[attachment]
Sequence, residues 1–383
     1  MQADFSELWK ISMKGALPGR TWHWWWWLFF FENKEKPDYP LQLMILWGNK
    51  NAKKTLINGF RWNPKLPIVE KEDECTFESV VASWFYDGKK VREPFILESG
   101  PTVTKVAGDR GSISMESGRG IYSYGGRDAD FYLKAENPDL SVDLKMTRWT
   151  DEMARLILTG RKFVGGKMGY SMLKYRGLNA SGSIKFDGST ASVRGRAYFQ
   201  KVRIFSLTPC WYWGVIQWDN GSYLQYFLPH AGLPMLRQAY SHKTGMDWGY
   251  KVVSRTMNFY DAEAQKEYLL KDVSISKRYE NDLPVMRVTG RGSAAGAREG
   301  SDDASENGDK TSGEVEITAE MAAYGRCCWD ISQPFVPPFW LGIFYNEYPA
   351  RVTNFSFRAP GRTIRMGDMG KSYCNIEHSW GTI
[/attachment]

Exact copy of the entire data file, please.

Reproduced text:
Sequence, residues 1–383
     1  MQADFSELWK ISMKGALPGR TWHWWWWLFF FENKEKPDYP LQLMILWGNK
    51  NAKKTLINGF RWNPKLPIVE KEDECTFESV VASWFYDGKK VREPFILESG
   101  PTVTKVAGDR GSISMESGRG IYSYGGRDAD FYLKAENPDL SVDLKMTRWT
   151  DEMARLILTG RKFVGGKMGY SMLKYRGLNA SGSIKFDGST ASVRGRAYFQ
   201  KVRIFSLTPC WYWGVIQWDN GSYLQYFLPH AGLPMLRQAY SHKTGMDWGY
   251  KVVSRTMNFY DAEAQKEYLL KDVSISKRYE NDLPVMRVTG RGSAAGAREG
   301  SDDASENGDK TSGEVEITAE MAAYGRCCWD ISQPFVPPFW LGIFYNEYPA
   351  RVTNFSFRAP GRTIRMGDMG KSYCNIEHSW GTI